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According to Mayer-Gross, Slater and Roth's classical textbook Clinical psychiatry, obsessive-compulsive symptoms are rarely seen in hysteria. The release of obsessive-compulsive symptoms is said to occur only in those who are constitutionally predisposed. In this context, the case of a young woman with dissociative (conversion) disorder, who presented with compulsive symptoms, is reported. In her case, the dissociative phenomena manifested as compulsive symptoms without concomitant predisposing factors. Management on the line of treatment for hysteria promptly achieved lasting resolution of symptoms without recourse to pharmacological or non-pharmacological treatment strategies used for obsession(s) or compulsion(s). The underlying mechanism(s) are discussed.
According to conventional clinical teaching, obsessive–compulsive symptoms (OCS) are rarely seen in the dissociative (conversion) disorder (DCD). This fact is also reflected in the statement mentioned in a classical textbook: ‘compulsive symptoms are… rare… in hysterical reactions’, which further adds that OCS are released only in those who are consti-tutionally predisposed and not otherwise.1 In contrast, DCD can occur even without a predisposing medical, neurological or psychiatric disorder.2
The robustness of the above-mentioned clinical wisdom is borne out by the sparseness of published literature in this area. Kaminsky and Slavney have published two reports dealing with prominent OCS and obsessional traits in patients with the briquet syndrome3,4 and hysterical personality.4 Bieniecka and Sulestrowska reported the case of a child whose compulsive motor acts were hysterical reactions caused by an insurmountable fear of school.5 Ross and Anderson observed ego-alien OCS-like symptoms in many patients suffering with multiple personality disorder.6 No Indian data on compulsive symptoms in hysterical reactions have been published. One such case is reported below and the probable underlying mechanisms have been discussed.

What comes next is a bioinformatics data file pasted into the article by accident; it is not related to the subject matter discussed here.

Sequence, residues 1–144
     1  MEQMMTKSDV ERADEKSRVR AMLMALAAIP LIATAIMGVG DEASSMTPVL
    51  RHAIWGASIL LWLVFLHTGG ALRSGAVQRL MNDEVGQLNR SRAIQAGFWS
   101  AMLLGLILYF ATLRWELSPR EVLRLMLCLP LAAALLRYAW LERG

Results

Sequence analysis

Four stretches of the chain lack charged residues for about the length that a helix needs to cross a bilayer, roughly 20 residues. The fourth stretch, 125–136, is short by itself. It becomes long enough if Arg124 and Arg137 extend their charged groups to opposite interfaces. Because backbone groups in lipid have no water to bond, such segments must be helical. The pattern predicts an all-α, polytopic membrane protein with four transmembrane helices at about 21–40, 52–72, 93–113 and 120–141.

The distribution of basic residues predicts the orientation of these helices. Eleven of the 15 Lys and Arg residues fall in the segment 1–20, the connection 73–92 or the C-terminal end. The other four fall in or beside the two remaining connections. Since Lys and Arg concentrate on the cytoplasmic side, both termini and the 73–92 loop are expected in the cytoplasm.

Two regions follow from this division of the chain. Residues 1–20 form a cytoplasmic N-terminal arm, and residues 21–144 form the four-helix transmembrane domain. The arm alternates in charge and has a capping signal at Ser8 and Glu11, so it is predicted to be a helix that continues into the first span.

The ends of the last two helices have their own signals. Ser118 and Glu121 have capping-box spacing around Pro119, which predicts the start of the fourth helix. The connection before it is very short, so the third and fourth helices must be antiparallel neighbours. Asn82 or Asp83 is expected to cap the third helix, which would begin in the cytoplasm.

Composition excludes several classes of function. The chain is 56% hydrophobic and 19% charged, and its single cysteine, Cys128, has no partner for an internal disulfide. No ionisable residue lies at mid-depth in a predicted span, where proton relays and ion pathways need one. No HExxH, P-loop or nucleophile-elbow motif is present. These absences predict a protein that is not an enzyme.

Ms K, a 19-year-old matriculate and housewife of rural origin from a low socioeconomic status and married for 10 months, was brought by her spouse and in-laws, with problems of 3 days' duration. The history revealed that within a month of marriage K began refusing sex. In the ensuing 3 months she often quarrelled after sex and even impulsively attempted suicide thrice.